This is reserved for difficult mares or mares with a history of pregnancy loss. A sample of uterus will be taken and sent off for analysis where any underlying conditions can be identified. The uterus will also be graded on the likelihood of the mare carrying a pregnancy to term.
Oviduct Flush - Invoice: Apply prostaglandin to tip of uterine horn
Another technique that can be used for difficult baron mares that have a history of not getting pregnant without obvious reasons (e.g. infection, poor quality semen). Prostaglandin is applied to the tip of their oviduct to dilate and clean it out. This is usually done after breeding or during early estrus.

Q & A

Where do you do castrations?
If you are able to transport your colt or stallion it is preferable to castrate them at the clinic, this will also save you travel costs. However, we do do castrations at your farm or property. We require a flat, preferably grassy area to castrate. If there is inclement weather then shelter is required.
How long does the procedure take?
Whether we perform a standing castrate or one under general anaesthetic the procedure itself only takes approximately 20 minutes, however it can then take another hour in some cases for your horse to recover if it has a general anaesthetic.
What is the best age to castrate?
Anytime from 6 months of age. Mature colts or stallions are slightly more difficult to castrate and carry a higher general anaesthetic risk therefore we usually recommend getting them done around 12 months of age.
What is the best time of year?
It does not matter for your colt what time of year he is castrated, however, due to the busy nature of the breeding season (August-December) it may be more difficult to schedule a time for the procedure to be done. Therefore, we highly recommend getting them castrated in the off season.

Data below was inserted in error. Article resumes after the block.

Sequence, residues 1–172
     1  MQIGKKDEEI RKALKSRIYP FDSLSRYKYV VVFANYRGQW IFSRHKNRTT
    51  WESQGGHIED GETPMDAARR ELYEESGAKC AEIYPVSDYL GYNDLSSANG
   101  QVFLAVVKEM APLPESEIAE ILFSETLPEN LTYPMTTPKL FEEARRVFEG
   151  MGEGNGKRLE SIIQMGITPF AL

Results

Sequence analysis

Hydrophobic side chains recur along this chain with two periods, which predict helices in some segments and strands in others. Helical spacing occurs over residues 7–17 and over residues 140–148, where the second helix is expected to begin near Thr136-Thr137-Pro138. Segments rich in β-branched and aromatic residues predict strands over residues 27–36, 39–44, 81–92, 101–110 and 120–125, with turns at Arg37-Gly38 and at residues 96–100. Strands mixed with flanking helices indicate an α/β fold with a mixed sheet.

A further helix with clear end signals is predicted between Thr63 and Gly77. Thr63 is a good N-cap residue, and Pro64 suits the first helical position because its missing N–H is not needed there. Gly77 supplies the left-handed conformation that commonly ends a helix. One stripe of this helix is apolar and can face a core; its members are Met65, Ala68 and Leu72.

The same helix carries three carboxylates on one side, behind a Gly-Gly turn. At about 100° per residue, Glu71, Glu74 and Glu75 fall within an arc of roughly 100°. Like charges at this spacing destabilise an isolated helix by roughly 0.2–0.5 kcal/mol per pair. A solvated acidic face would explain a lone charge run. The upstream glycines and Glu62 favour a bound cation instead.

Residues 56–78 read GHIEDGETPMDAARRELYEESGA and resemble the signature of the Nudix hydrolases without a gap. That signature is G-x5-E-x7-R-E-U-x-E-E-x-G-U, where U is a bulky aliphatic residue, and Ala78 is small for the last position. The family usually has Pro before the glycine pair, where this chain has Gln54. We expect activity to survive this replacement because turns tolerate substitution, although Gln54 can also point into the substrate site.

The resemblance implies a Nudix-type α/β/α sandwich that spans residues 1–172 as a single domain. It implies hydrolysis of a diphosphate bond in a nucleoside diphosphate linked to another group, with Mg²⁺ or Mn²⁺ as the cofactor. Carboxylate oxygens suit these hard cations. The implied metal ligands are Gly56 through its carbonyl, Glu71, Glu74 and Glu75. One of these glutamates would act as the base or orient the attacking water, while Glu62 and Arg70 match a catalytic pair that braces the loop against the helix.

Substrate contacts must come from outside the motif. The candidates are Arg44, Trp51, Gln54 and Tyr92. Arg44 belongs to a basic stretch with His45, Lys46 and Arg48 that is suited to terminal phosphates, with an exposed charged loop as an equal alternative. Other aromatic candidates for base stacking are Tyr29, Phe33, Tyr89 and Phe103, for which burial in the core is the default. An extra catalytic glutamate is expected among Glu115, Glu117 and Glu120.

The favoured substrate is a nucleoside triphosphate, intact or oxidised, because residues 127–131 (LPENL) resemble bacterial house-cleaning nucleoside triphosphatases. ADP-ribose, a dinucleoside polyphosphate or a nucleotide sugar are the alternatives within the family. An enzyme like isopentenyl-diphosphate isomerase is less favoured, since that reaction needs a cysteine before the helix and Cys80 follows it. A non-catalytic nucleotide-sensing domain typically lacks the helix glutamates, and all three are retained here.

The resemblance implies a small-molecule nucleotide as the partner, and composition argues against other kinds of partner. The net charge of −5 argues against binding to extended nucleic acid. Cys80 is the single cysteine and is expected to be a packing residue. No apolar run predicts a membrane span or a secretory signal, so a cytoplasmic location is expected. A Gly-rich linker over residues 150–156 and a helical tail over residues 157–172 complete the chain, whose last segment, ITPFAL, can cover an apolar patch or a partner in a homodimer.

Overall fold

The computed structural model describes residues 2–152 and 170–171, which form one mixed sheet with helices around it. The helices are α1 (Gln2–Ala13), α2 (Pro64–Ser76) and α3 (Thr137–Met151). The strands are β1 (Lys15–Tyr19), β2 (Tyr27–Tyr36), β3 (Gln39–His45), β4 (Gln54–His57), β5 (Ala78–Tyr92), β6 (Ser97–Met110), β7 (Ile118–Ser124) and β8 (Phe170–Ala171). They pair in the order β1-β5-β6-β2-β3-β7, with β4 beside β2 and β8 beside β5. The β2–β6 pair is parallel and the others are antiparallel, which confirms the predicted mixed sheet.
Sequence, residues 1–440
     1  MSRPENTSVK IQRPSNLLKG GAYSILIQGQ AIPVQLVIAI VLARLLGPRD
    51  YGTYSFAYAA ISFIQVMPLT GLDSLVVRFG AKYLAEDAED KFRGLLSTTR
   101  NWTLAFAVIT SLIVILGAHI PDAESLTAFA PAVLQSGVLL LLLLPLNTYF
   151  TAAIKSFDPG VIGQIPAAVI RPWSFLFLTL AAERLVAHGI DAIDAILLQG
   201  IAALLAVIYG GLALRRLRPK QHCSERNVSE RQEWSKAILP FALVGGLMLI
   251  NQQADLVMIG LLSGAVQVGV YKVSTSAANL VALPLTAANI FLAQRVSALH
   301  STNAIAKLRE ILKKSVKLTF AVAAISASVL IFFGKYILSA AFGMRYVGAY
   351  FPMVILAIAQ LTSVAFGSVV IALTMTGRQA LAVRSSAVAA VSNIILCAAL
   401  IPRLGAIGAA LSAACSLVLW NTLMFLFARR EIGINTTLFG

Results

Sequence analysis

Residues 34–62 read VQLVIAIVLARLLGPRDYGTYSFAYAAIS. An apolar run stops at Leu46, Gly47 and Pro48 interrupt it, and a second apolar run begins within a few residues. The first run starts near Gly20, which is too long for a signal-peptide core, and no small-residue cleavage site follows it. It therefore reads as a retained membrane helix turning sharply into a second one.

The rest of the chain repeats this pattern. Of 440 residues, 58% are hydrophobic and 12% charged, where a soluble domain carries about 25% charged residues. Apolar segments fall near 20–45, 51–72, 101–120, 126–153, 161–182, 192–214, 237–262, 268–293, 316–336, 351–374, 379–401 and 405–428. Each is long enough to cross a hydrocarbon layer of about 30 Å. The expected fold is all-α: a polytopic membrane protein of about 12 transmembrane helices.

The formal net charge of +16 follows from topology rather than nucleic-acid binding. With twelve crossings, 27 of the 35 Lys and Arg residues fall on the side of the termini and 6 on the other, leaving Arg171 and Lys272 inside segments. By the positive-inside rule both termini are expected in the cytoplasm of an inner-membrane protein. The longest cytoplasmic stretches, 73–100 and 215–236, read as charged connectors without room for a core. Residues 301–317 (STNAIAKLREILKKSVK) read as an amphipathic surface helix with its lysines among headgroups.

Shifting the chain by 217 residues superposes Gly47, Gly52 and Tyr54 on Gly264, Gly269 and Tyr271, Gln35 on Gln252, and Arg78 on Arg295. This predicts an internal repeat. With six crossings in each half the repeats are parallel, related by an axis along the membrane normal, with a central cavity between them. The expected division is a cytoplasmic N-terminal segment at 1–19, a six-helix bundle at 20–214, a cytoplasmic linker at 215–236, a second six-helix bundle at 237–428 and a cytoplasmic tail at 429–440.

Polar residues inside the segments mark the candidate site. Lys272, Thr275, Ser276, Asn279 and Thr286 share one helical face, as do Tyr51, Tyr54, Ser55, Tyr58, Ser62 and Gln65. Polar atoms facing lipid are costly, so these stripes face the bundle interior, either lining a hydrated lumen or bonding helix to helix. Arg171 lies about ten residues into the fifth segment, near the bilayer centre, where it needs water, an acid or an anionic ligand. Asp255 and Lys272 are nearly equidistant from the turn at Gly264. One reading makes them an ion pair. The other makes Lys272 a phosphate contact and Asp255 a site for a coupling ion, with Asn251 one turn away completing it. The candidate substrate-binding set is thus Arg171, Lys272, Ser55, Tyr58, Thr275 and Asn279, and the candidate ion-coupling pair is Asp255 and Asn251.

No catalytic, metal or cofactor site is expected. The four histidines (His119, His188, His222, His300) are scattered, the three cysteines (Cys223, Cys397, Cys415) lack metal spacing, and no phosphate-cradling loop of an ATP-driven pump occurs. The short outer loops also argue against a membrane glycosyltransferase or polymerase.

What is the post-operative care?
• Closely monitor for bleeding over the next 24 hours (a dripping tap is ok, but a running stream is not ok). • Ensure there is nothing hanging from the wound site. • Monitor for increased swelling for the next 14 days. • After the first 24 hours encourage gentle exercise. If the horse is reluctant to move, placing them in a paddock with another horse, or lunging them daily may be suitable. If you have any concern regarding your horse’s recovery from this procedure, contact the clinic immediately on 5799 1441.

Q & A

Can I leave my stallion at the clinic?
Of course! We have two specific stallion yards with their own shelters that are separate from other horses.
Do you collect for fresh and chilled insemination?
Yes, our experienced team can collect and analyse semen for fresh, chilled and frozen storage.
Do you freeze and store the semen at the clinic?
We can both freeze to store elsewhere and freeze to store in the clinic in liquid nitrogen tanks.
How do you analyse the semen?
We analyse semen in several ways to assess concentration, motility and morphology. We do this by manual inspection under the microscope and using our Minitube AndroScope semen assessment machine.
How is semen collected?
Semen is collected in an artificial vagina, known as an AV. We place it on the stallion’s penis while he jumps either a teaser mare or a dummy mare, depending on the stallions requirements.
How long does it take to train a stallion to jump a phantom?
It is very stallion dependant, some will pick it up quickly, in a couple of attempts, while some stallions may take weeks to train.